The issue really isn’t the head scarf or whatever symbol is chosen, its the definition imposed by those who might wear and use it as a justification of their personal being and by those who do not wear it and point to their own justifications for its removal. The head scarf, the golden crucifix, the yarmulke… these become the very things that generate hate, the ideas become something obscured.
The dominance of a Protestant culture remains in the British legal system and it could possibly be argued that strengthening of this could actually lead to greater harmony. Those with conflicting views would have a firm rule to live by and if they cannot may seek out less difficult places to dwell. The cultural gaps that have been allowed to develop are where those who hate have come to exist, to thrive, to push out from. The cultural gaps are often defended as the places that freedom exists but is this so? Well, yes actually, but its the freedom to practice hate that gives them a bad name.
The current situation is difficult and set to become even more difficult with further removal of barriers to migration. The far-right I’m sure will gain more favor over the coming year after the in-flux of Romanians & Bulgarians. It seems inconceivable that the bonds of kinship will be broken on arrival in Britain (or France or Italy or anywhere else for that matter) and I’m sure it will provide food for the far-right that these people fail to integrate with immediate effect. I’m sure that they will fall prey to the emphasis on skin-colour, on religious difference, on cultural practices but most importantly that they are just plain different.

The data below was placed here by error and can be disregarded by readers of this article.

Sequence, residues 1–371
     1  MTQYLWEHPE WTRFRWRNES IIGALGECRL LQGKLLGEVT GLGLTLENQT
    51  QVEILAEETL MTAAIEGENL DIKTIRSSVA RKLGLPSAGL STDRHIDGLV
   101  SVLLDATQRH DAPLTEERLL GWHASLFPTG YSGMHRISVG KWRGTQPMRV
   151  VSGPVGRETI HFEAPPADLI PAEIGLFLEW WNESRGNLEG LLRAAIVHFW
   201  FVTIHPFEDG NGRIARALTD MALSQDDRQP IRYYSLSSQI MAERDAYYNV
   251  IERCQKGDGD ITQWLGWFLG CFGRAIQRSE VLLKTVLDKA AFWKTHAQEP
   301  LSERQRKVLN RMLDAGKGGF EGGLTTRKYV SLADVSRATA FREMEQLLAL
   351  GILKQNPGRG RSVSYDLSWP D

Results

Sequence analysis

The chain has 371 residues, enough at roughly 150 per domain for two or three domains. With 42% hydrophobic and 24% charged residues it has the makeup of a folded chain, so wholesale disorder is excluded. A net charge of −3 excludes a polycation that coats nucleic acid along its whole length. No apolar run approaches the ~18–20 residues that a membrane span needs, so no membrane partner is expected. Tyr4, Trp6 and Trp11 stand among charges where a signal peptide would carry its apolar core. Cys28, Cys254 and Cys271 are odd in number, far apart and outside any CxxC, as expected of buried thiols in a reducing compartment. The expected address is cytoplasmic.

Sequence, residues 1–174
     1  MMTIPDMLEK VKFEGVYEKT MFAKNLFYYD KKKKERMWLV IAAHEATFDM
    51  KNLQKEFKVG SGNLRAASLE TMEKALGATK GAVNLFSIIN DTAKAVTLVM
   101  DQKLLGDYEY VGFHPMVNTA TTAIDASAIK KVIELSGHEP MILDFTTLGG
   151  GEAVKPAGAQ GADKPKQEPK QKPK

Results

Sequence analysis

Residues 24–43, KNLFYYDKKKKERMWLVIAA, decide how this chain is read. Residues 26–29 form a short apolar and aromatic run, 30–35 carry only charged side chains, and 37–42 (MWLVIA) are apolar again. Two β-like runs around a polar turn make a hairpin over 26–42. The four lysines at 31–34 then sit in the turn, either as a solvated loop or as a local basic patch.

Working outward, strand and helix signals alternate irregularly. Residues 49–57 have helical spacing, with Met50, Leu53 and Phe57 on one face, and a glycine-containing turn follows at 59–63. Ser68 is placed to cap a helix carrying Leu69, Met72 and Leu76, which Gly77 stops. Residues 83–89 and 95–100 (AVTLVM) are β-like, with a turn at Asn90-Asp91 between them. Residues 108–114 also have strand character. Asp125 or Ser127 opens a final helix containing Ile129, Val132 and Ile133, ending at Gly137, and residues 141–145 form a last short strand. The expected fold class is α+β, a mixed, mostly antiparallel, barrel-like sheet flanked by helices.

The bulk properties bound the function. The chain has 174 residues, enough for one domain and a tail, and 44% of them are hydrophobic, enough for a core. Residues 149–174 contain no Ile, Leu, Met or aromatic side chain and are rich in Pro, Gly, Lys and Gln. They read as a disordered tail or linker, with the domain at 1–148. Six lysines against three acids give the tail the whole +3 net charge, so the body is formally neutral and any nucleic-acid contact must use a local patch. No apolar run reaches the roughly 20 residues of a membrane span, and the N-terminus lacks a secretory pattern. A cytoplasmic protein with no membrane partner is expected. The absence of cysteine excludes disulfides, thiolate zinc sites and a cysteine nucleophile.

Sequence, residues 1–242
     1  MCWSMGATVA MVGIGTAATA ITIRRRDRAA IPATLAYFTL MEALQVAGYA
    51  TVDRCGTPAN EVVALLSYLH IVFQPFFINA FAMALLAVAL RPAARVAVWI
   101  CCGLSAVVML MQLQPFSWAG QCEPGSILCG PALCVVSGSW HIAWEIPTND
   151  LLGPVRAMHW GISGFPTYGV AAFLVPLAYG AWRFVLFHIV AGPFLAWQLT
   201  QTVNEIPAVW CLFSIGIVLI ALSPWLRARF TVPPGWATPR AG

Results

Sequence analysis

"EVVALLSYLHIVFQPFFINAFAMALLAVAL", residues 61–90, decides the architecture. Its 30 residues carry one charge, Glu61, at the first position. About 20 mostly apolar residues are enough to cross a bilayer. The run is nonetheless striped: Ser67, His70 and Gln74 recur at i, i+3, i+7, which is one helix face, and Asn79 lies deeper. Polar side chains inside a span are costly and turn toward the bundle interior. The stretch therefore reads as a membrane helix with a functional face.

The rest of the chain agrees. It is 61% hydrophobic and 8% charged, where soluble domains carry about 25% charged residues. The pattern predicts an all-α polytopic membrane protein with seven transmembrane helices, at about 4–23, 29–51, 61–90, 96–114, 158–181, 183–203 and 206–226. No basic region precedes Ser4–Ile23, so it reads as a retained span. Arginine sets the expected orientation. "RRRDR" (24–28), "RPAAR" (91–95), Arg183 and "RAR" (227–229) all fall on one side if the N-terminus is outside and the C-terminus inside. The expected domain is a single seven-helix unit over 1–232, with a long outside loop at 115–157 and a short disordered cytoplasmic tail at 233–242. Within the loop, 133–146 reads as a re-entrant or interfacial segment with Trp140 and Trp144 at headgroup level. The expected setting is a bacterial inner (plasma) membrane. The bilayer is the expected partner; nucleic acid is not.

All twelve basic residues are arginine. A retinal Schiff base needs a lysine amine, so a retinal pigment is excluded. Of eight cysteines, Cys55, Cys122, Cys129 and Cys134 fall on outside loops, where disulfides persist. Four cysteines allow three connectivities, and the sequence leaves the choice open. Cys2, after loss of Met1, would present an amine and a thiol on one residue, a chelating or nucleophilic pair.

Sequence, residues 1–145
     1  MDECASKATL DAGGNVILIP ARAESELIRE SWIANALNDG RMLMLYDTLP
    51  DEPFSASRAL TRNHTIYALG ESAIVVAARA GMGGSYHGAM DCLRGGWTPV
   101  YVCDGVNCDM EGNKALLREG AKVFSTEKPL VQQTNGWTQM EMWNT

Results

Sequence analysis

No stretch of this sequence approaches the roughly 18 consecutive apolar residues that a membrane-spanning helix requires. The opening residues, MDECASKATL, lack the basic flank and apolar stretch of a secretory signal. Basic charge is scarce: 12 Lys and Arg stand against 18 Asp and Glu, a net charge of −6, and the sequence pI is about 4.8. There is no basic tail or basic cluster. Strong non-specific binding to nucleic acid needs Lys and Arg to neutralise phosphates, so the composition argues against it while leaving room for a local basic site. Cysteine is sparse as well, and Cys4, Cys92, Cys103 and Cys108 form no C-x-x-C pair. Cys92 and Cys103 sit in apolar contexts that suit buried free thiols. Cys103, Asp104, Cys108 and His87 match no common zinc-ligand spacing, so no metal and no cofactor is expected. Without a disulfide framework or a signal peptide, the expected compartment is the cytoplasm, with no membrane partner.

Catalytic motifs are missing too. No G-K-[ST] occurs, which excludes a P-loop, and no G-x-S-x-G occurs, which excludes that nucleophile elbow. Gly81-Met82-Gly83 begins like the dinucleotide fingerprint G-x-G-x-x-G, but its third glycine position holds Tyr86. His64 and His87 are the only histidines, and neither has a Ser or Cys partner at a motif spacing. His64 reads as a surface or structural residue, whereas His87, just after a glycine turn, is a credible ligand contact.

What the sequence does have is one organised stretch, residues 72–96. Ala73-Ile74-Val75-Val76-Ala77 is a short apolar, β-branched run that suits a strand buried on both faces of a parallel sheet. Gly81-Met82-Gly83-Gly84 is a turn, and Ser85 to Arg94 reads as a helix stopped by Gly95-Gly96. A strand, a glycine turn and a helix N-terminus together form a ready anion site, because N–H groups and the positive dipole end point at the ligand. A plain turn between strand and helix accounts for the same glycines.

In my mind, equality, emancipation and universalism should be the goals of society applied evenly to all, the immigrants, the far-right, the far-left and those in the centre. Assimilation should be the aim of all peoples, to live together not side-by-side.
- U.S. Roman Catholic Church And Protestant Denominations Agree To Recognize Each Other’s Baptisms (aconservativeedge.wordpress.com)
- Obama Orders Priests Arrested If They Say Mass On Military Bases (politicalvelcraft.org)
- “How long must we sing this song”: From Belfast to Beirut (eyeontheeast.org)
- Do You Know What Day It Is? ~ Remember, Remember The 5th Of November – Million Mask March! (politicalvelcraft.org)
- N. Ireland: Army defuses explosive (edition.cnn.com)
- The Persistence of Memory: Northern Ireland’s Challenges in Overcoming “The Troubles” (dorieanna.wordpress.com)
- Why H is the most contentious letter in the alphabet (theguardian.com)
- Top 2 Candidates Vow to Make City Hall More Faith-Friendly (nytimes.com)
- Roamin’ Catholics (charleymckelvy.wordpress.com)
- Irish-speaking Norman proud to be an Orangeman (newsletter.co.uk)